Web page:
An auction held last week (that I missed) of a large commercial plant contained some good letterpress items, including galley racks, lots of leads/slugs/ Windmill, Miehle Verticals, stones, type cabinets, all tucked away in an otherwise very contemporary printing operation. See:
and this plant, in the college and Shakespeare festival town of Ashland, Oregon, was within reasonable distance of both Northern California and the Portland area. There is more of this out there still that is coming up for disposal. It would be beneficial for those looking for substantial presses and related equipment, more than the toy and table top presses, to get on a major plant liquidation email list like Thomas to find out what comes up. Thomas sells plants all over the United States.
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Can’t see what any of it went for. A bit far from Ohio. Heavy stuff to haul. I hauled 8,000 lbs of Ludlow items it was easy.
I’m not sure why they don’t post sale prices. We have made several long hauls over the years—1400 miles from the San Juan Islands in Washington with 29,000 pounds, Phoenix with about 600 miles with a truck load of Monotype equipment, and the long haul from New Hampshire with a full truck and that was a little over 2000 miles. And the short round trips to Denver of 650 miles made too many times. If it’s stuff you want and the price is right, go for it. Fortunately, my most recent acquisition was delivered by Dave Seat in May and that move from his trailer to the shop was 20 feet. And I almost forgot the Miehle Vertical from George Mills that was almost exactly 1000 miles from Ft. Smith. This doesn’t count the 3 semi-trailer loads from Cincinnati when I purchased NA Graphics. I am, however, now at my limit—I’m running out of time in which to enjoy all this stuff.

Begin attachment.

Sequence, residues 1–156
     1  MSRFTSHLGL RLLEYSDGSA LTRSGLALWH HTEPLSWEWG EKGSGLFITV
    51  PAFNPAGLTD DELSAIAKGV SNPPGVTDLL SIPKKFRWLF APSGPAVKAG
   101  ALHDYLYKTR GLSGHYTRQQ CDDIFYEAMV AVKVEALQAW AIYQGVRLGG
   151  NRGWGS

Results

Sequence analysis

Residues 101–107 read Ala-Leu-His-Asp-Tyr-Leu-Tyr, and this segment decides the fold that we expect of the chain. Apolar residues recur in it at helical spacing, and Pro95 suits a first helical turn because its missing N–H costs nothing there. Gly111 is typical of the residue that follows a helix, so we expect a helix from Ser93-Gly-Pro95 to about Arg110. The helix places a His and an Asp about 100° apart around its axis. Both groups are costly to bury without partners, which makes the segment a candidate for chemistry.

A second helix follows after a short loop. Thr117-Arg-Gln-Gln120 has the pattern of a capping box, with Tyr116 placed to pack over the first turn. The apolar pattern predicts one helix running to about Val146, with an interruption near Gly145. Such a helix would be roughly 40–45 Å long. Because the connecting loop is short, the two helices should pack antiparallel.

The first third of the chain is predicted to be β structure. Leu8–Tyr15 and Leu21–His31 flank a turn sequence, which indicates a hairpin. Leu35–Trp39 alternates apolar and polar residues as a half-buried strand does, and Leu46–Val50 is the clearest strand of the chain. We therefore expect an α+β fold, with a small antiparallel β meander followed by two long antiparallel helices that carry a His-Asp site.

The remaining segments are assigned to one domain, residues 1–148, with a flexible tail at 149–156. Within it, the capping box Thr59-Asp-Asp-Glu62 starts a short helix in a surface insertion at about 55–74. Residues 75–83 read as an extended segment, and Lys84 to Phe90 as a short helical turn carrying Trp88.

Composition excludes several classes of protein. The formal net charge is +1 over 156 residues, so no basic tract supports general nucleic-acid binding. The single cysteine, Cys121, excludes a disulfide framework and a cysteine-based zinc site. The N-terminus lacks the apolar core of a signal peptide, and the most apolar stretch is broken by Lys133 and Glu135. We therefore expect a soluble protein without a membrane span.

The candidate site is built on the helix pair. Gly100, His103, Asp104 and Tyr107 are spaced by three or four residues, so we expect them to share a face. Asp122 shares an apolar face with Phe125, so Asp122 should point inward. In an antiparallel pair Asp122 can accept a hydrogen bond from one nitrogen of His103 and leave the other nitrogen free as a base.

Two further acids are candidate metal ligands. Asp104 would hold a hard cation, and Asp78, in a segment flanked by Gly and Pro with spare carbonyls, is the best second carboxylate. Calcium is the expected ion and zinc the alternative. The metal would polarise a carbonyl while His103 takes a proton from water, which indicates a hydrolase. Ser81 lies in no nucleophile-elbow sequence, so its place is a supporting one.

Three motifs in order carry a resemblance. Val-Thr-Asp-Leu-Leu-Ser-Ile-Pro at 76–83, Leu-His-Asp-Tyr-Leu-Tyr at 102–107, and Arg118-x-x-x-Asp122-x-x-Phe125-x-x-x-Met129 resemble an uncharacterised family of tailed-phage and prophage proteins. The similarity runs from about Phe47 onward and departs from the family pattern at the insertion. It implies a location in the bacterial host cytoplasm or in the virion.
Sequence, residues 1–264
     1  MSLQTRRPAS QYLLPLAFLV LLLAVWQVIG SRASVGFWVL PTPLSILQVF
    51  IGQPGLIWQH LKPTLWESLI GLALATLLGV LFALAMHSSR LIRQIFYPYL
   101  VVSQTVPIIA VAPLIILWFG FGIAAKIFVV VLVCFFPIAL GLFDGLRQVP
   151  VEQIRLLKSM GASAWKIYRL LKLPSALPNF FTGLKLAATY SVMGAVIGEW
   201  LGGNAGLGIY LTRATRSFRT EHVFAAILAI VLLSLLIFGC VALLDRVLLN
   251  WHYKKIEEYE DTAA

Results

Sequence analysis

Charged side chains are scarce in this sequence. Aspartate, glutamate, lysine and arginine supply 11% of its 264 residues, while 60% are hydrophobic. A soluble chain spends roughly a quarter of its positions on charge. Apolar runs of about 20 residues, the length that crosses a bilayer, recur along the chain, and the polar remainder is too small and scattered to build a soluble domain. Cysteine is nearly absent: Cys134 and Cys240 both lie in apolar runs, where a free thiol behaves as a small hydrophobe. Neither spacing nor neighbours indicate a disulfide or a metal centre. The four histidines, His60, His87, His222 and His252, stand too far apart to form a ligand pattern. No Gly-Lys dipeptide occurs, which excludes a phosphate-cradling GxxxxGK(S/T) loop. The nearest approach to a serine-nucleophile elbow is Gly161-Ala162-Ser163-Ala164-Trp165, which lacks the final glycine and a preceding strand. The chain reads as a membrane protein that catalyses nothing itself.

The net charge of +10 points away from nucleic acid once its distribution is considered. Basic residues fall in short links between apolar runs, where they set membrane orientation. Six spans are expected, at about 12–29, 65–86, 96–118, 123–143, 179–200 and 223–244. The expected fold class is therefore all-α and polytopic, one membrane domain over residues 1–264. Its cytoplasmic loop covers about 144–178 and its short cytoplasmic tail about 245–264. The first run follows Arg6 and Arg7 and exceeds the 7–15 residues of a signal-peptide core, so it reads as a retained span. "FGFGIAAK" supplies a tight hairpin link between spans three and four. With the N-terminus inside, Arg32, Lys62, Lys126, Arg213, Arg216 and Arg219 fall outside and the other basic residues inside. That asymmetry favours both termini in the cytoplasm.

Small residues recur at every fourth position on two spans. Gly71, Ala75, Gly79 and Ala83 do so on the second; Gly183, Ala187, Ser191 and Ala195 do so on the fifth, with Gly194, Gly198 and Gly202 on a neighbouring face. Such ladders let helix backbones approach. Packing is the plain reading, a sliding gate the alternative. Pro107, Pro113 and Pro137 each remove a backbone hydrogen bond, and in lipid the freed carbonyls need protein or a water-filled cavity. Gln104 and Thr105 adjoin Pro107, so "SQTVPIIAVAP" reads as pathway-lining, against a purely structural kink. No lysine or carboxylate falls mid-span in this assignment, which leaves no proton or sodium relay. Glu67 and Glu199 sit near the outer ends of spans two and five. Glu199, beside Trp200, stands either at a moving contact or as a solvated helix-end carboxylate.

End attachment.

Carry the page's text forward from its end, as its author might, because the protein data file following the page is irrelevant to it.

Space might be a consideration too!
But the New Hampshire trip had important non-printing stuff too.
Personally my most memorable trip was from Windsor, Colorado to Silverton in a large rental truck loaded with the remains of the Windsor Beacon letterpress shop. Nightime, early May, some snow on Red Mountain Pass. My companions complimented my driving but said they were glad we didn’t meet anything because I drove in the middle of the road all the way over the pass.
Red Mountain Pass—just brought 20,000# of railroad rail over the same road last night and it’s a road to scare the bejesus out of most flat land drivers. The one section out of Ouray for about 1/4 mile has absolutely no shoulder past the white line and it is a several hundred foot drop straight down the mountain side. Coming up that road in a white-out blizzard is an experience of a lifetime, even for us locals. There is a recent video that shows the road George and I have braved several times to bring letterpress to the wilderness:
To say nothing of making trips to the doctor, dentist or just a grocery store!
Yikes! What a video!!!